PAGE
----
Clumpy diversity: Look more carefully at animals (metazoans)

More patterns within patterns (level of internal complexity, embryology)

More clumpiness. and more "arbitrariness"

  • Why no ventral nervous system with endoskeleton?
  • Why all humans not the same?
Nested Clumpy Diversity

Humans a small part of life, as life (as we know it) a small part of universe (but humans also steadily, perhaps even explosively, experiencing more and more of universe - is that distinctive of humans?


  • Categories "real", independent of human observers?
  • Categories "useful"?
    • Helps to make sense of things, reduce blur
    • Correlations help to predict based on partial information
    • Raises new questions ... no "essential" characteristics?
    • Problems similar to those in defining "life"?
    • Relevance in other cases?
How make sense of diversity at all levels (including human), of nested clumpiness, what's here AND what's missing, of difficulty in defining categories?
  • Great chain of being - ordering of organisms along some scale?, no "narrative" character, everything has its place, there is a place for everything, but why clumpy diversity at all levels?
Evolution as an alternate way of making sense of diversity? Time/change/variations essential descriptors of life?
  • Descent with variation makes helps to make sense of things being similar to other things, of missing things, of variation at all scales? Add to it natural selection? In turn raises questions ....


  • Has life changed over time in appropriate ways?
  • Was there a first organism? a first organism of each kind?
  • Why the PARTICULAR set of organisms we see, and not others?
  • Progression? Ranking? Adaptedness? Fitness? Natural selection?
  • Time/history as part of explanatory framework? Would it have to come out the same way? Life identical elsewhere? The same here if taped replayed?
  • Similarities between life as process and science as process?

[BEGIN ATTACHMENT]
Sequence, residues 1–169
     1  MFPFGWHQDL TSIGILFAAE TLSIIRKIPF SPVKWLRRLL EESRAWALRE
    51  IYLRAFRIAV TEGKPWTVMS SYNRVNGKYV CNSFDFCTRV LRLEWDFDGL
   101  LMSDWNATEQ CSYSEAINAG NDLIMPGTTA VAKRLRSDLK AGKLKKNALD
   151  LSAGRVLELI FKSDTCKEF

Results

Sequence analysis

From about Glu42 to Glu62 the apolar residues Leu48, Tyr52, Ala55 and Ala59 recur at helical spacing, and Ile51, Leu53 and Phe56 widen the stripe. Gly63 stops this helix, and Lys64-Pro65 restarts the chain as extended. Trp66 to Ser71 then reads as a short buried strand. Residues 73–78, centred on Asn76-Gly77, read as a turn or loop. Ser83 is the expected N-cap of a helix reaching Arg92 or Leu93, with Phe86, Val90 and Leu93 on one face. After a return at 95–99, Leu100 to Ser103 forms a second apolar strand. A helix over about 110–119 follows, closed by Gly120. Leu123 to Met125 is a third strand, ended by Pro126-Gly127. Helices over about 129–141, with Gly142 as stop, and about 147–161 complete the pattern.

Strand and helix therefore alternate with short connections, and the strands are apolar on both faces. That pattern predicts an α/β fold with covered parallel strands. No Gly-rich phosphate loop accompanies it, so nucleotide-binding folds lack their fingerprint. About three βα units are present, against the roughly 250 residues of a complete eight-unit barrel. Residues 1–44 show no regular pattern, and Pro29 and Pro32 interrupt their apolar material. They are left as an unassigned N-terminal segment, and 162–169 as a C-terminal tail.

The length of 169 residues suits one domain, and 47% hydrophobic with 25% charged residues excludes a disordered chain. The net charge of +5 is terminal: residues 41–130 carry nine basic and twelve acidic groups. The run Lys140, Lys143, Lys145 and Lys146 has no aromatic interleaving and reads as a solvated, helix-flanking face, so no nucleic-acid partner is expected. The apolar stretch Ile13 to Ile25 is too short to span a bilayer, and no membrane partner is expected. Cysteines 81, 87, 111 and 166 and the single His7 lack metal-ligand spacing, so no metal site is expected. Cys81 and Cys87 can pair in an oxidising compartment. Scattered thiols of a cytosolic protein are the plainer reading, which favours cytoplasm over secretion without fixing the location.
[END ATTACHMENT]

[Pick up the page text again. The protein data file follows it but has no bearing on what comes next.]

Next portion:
What IS evolution? A good summary of observations? What are the observations?


Human natural time scale - seconds to years, perhaps three generations (100 years)

Longer time scales important for biological systems (change where not aware of it):

  • universe - ~15 billion years
  • ,stellar evolution (sun - ~ 5 billion years old, of ~10 billion year life span)
  • earth (and life?) - ~5 billion years (150 million human generations)
  • humans - ~100,000 years (?) (3,000 human generations)
  • recorded human history - ~10,000 years (300 human generations)

Humans young, as yet restricted experience, small part of life - BUT also have in us record of much of history of universe
LOTS of time for evolution

Evolution helps to account for diversity/clumpiness, also for ... ordering?

Long, slow, inexorable, inevitable continuous change, progressive improvement? (Evoution as a progressive tree?)

Fossil record - Observations

Earliest life (?) - prokaryotes (> 3 billion years, and getting older)

Plenty of time for subsequent development of improbable assemblies, but ...?
Consistent with progression, but changing what adapted to, and persisting

Next steps? How soon?

Eukaryotes - 1-2 billion years ago (last quarter of life's history to date)
much more improbable than prokaryotes? evolve from prokaryotes? - Endosymbiosis - illustration

Multicellular Organisms - ~600 million years ago (last sixteenth of life's history to date)
VERY improbable?

Stasis and change - THEN slow progressive improvement?

Nope, continued fits and starts

8 October

Thoughts on evolution

  • its not a matter of why there is diversity but rather why there isn't homogeneity. The combination of reproduction with variance where there is differential contributuion of genes in the next generation with changes in the environment causes distinctions amongst groups where some will thrive in different ways than others ... Luisana